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First, I don't agree with that interpretation personally (if that's what Chopin had wanted, he would have written it that way, meticulous soul that he was), so I wouldn't put too much stock in how something "should" be played. In this etude, the voices are this flying passage and the melody in the bass. Breaking it up further is artificial-sounding. ...


Covering the hole would bring the note down to Bb 3. With the hole covered (or no hole at all) you would get a standing wave with a wavelength of twice the length of the instrument as the fundamental pitch. The reason for this is because the instrument is a tube capable of holding pressure in the middle, but not capable of holding pressure at either end ...


It's actually can be looked at modally as a chords from the Phrygian/Phrygian Dominant scales. The Phrygian scale due to its lowered third is viewed as a minor scale and thus contributes to the "sadness" you hear especially since the A would be the 3rd of the Phygian scale giving the progression a slightly more minor sound even using just major chords. ...


Play the notes as written. The notes on either clef are defined and fixed. They do not change. You could write any note on any clef, given enough ledger lines. Some instruments have a tradition of switching between clefs quite often, while others have a tradition of using ledger lines instead. The rules of notation say you can switch clefs or use ledger ...


Perhaps I've misunderstood the question, but how about using lilypond notation? A whole note is denoted with a "1", half note "2", quarter "4" etc. For dotted notes add a ".".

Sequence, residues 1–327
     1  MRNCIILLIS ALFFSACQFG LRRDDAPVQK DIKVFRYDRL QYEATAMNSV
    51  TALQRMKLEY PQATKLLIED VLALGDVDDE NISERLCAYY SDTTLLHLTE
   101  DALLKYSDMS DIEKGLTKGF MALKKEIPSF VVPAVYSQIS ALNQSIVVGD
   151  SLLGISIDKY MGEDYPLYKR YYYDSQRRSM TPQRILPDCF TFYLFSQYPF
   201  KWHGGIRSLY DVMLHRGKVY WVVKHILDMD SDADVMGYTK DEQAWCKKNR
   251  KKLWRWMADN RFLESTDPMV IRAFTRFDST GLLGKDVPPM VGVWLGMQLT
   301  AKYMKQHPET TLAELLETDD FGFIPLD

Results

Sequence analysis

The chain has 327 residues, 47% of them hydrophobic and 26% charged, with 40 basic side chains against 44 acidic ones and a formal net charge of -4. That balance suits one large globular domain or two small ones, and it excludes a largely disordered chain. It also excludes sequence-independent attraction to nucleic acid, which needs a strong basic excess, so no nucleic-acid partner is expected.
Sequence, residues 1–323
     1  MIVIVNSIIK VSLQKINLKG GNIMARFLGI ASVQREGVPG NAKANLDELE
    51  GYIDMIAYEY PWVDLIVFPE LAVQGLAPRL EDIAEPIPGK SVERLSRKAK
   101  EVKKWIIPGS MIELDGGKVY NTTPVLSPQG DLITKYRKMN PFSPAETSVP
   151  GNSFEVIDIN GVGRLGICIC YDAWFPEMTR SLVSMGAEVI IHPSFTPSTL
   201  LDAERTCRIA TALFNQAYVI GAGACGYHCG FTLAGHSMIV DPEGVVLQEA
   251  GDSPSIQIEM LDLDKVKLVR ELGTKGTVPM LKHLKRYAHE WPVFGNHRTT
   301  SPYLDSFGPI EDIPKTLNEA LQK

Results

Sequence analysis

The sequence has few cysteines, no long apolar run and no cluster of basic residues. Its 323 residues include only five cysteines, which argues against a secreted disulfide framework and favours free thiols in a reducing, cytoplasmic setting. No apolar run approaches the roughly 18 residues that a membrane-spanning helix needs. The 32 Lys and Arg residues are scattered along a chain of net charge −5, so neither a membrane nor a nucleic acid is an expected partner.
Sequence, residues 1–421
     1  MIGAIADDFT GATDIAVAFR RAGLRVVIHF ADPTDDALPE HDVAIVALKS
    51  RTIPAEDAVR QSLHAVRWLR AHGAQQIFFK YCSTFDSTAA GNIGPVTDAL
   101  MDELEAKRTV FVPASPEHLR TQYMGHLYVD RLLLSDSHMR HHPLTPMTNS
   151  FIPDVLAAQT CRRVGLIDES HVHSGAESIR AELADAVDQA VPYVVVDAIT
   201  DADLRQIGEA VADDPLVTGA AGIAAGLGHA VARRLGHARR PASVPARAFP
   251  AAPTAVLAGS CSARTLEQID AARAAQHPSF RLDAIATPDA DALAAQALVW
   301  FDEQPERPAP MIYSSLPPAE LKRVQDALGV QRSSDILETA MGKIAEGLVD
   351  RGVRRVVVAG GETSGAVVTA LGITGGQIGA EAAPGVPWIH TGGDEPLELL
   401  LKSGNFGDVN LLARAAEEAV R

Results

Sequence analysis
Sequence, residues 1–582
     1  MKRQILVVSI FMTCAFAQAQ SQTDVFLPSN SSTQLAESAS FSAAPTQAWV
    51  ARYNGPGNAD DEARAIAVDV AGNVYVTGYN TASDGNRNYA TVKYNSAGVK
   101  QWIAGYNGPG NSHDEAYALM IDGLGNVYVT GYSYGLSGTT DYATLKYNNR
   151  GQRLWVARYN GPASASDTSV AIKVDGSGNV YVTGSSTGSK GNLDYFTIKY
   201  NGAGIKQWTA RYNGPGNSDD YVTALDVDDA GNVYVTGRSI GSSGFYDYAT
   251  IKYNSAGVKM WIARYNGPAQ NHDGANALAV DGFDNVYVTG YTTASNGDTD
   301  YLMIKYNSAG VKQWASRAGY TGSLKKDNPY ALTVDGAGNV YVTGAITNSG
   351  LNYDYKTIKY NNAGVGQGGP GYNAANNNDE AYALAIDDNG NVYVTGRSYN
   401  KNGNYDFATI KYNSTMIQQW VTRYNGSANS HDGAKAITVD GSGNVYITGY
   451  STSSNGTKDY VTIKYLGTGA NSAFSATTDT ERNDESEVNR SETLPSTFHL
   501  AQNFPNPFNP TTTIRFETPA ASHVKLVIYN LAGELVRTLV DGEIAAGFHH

Yes, a 4/4 measure can accommodate figures smaller than 16th notes. There are 32nds and 64ths and 128hs and 256ths! There are triples of 16th notes that are smaller than the normal 16th notes. There are irrational rhythm groupings, called tuplets; values like quintuplets (5 notes) and sextuplets (6 notes) and groups that have 7,8,9,10 notes in them,. ...


I v IV would be correct, because what seems to be going on here is that you have 'borrowed' a chord from D natural minor scale. The v from the D natural minor is Am, and it is common to borrow chords from the parallel minor scale (scale with the same name); (the same happens when you are in the minor scale; you can borrow a chord from the major scale)


fun topic. https://youtu.be/eu2iv-vMKT8 let's take this famous song as an example. the intro is undoubtedly a riff. it is also a melody. it is repeated throughout, along with slight variations and added 'licks'. it is a compact, isolated and contained series of notes, but with almost no obvious rhythmic function, yet it still is a riff. the primary notes ...


You would read it as treble clef. It is common to change the clef if the notes start going high. This way you can avoid adding a lot of extra lines above the bass clef, which makes it harder to read. It is possible (and quite likely) that in some point in the song, the clef will go back to the bass one.


well, midi is the only standard that turns note durations to integers. you take a particular resolution in ticks per quarter note. so let's say your whole note is 768 (=256*3) it's divisible down to the 256th note and can be a triplet. Or you can use higher resolutions for more precision, maybe multiply by 3 a few more times. keep in mind that held ...


I believe the sad impression is most of all due to the chromatic descent B - A♯ - A embedded in these chords. It has a kind of disillusioning effect: you start out on a nice major third of the G chord. But then you drop down to F♯, whose A♯ third is enharmonic equivalent to the G chord's minor third. Normally this wouldn't be perceived as ...


In abcnotation note length is specified relative to a unit note. So if unit note is quarter, an eighth is A/2, a half a2, dotted quarter A3/2. Since it was originally developed for transcribing folk music, various short hands are allowed. More details at http://abcnotation.com/wiki/abc:standard:v2.1#note_lengths.

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